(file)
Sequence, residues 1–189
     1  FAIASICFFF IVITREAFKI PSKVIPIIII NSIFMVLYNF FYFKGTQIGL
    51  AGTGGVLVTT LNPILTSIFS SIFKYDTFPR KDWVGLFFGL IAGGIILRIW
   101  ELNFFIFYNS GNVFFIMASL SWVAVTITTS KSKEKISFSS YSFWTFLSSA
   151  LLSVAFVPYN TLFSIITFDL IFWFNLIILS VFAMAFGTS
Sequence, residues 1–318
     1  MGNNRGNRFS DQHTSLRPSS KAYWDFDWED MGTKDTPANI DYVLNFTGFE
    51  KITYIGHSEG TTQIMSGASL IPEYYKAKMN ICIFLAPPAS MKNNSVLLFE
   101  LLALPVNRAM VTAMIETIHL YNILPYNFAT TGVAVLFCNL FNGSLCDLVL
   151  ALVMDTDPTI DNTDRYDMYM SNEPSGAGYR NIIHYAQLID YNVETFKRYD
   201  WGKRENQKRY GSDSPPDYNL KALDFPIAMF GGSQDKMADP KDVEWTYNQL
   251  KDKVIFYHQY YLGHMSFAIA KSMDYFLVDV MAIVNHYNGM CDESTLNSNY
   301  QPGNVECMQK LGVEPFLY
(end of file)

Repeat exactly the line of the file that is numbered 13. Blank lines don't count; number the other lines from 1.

   301  QPGNVECMQK LGVEPFLY